Cloudflare’s Commitment to Privacy: 184.108.40.206 Public DNS Resolver
Nearly everything on the Internet starts with a DNS request. DNS is the Internet’s directory. Click on a link, open an app, send an email, and the first thing your phone or computer does is ask its directory: where can I find this?
Unfortunately, by default, DNS is usually slow and insecure. Your ISP, and anyone else listening in on the Internet, can see every site you visit and every app you use — even if their content is encrypted. Creepily, some DNS providers sell data about your Internet activity or use it to target you with ads.
Given the current state of affairs, Cloudflare created a DNS resolver with your privacy and security in mind. Cloudflare, in partnership with APNIC, runs the 220.127.116.11 public resolver, a recursive DNS service that values user privacy and security. DNS requests sent to our public resolver are sent over a secure channel, significantly decreasing the odds of any unwanted spying or man in the middle attacks.
The 18.104.22.168 public DNS resolver was designed for privacy first, and Cloudflare commits to the following:
Frankly, we don’t want to know what any one person is doing on the Internet — it’s none of our business — and we’ve taken the technical steps to ensure we can’t.
We wanted to put our money where our mouth was, so we retained one of the top four accounting firms to audit our practices and publish a public report confirming we’re doing what we said we would. The report is available here.
Cloudflare has partnered with APNIC Labs, the regional Internet registry for the Asia-Pacific region to make the 22.214.171.124 IP address the home of the Cloudflare Public DNS Resolver. As part of its mission to ensure a global, open and secure Internet, APNIC conducts research about the functioning and governance of the Internet, which it makes available on its website, located at www.apnic.net.
Cloudflare has agreed to provide APNIC with access to some of the anonymized data that Cloudflare collects through the Cloudflare Public DNS Resolver. Specifically, APNIC will be permitted to access query names, query types, resolver location and other metadata via a Cloudflare API, that will allow APNIC to study topics like the volume of DDoS attacks launched on the Internet and adoption of IPv6.
APNIC Labs will use such data for non-profit operational research. As part of Cloudflare’s commitment to privacy, Cloudflare will not provide APNIC with any access to the IP address associated with a client.
Aside from APNIC, Cloudflare will not share the Public Resolver Logs with any third party.
The Public Resolver Logs we store consist entirely of the following fields:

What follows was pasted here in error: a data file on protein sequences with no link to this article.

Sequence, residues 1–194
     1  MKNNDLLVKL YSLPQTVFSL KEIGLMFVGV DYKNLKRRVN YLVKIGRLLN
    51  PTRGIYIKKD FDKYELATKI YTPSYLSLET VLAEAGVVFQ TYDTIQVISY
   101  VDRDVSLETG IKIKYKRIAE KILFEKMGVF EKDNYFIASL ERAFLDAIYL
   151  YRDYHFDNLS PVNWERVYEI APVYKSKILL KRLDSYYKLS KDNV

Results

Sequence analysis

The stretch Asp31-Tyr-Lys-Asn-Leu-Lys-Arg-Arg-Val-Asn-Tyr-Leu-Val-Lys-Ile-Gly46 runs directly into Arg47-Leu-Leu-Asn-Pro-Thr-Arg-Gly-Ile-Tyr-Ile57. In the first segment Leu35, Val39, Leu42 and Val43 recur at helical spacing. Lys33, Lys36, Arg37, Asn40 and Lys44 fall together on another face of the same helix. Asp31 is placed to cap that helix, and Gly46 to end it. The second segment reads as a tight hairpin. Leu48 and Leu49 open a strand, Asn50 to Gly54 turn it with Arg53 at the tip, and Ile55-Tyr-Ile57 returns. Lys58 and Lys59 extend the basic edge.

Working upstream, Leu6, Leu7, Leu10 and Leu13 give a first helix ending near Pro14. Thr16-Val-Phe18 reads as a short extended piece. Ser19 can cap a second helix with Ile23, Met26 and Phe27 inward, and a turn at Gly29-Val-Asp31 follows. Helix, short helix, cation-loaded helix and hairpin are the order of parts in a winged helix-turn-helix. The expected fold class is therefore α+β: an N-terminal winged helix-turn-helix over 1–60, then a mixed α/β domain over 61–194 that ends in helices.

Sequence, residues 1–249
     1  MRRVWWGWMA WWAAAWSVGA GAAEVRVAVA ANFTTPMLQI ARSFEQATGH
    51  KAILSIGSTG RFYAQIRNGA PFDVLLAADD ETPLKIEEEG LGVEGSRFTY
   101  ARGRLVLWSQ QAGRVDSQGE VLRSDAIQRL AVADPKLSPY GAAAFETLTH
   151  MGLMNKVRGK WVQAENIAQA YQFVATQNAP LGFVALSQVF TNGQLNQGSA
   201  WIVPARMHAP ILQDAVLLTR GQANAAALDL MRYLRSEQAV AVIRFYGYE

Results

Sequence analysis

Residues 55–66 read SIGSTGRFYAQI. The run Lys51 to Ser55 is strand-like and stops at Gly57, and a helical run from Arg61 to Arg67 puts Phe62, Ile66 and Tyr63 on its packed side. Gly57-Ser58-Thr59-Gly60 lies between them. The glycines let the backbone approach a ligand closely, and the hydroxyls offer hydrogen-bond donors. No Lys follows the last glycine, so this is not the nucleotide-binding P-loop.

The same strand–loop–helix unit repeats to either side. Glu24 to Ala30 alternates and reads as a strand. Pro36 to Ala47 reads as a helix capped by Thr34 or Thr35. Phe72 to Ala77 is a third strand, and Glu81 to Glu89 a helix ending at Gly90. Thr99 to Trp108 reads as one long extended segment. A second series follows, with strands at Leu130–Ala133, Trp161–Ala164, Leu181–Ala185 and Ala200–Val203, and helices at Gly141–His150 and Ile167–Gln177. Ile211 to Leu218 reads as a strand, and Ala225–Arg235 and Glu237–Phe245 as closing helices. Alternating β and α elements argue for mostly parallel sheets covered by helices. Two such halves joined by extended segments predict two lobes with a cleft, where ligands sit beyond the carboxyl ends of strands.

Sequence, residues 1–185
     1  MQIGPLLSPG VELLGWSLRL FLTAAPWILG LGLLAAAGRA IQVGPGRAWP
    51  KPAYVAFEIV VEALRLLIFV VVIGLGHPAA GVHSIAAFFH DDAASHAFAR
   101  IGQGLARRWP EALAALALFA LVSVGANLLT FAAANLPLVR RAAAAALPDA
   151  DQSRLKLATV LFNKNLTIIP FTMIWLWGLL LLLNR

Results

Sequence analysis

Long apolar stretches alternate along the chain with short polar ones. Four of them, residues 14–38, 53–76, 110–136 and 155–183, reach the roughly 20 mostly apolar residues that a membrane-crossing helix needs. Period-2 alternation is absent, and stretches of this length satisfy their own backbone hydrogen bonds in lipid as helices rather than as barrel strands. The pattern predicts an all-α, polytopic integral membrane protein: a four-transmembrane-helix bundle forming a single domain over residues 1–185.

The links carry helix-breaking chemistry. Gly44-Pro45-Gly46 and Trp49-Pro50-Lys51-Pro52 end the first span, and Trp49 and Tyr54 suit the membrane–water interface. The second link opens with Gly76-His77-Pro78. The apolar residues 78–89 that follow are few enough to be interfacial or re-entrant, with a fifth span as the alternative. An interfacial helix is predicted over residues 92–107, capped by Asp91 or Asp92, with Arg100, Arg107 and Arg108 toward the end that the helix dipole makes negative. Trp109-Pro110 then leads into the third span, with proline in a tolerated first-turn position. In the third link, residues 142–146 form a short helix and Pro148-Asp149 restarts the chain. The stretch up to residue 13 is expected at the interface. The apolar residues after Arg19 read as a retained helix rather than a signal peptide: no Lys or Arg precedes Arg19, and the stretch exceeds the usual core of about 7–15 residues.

Additionally, recursive resolvers perform outgoing queries to various authoritative nameservers in the DNS hierarchy that are logged in subrequest fields. These logs are used for the operation and debugging of our public DNS resolver service.
The following subrequest data is included in the Public Resolver Logs:
Except for the limited aggregated data generated using the Public Resolver Logs described below, all of the Public Resolver Logs are deleted within 25 hours of Cloudflare’s receipt of such information.
Cloudflare will only store the following aggregated data:
Cloudflare may store the aggregated data described above indefinitely in order to assist Cloudflare in enhancing the overall performance of the Cloudflare Resolver and identifying security threats.
Cloudflare does not block or filter any content through the 126.96.36.199 Public DNS Resolver, which is designed for direct, fast DNS resolution, not for blocking or filtering content. Cloudflare does block and filter malware and adult content through 188.8.131.52 for Families, which is designed to help individuals protect their home networks.
In general, Cloudflare views government or civil requests to block content at the DNS level as ineffective, inefficient, and overbroad. Because such a block would apply globally to all users of the resolver, regardless of where they are located, it would affect end users outside of the blocking government’s jurisdiction. A government request to block content through a globally available public recursive resolver like the 184.108.40.206 Public DNS Resolver and 220.127.116.11 for Families therefore should be evaluated as a request to block content globally.
Given the broad extraterritorial effect, if Cloudflare were to receive written requests from law enforcement and government agencies to block access to domains or content through the 18.104.22.168 Public DNS Resolver or to block access to domains or content through 22.214.171.124 for Families that is outside the scope of the filtering in that product, Cloudflare would pursue its legal remedies before complying with such a request. We also commit to documenting any government request to block access in our semi-annual transparency report, unless legally prohibited from doing so.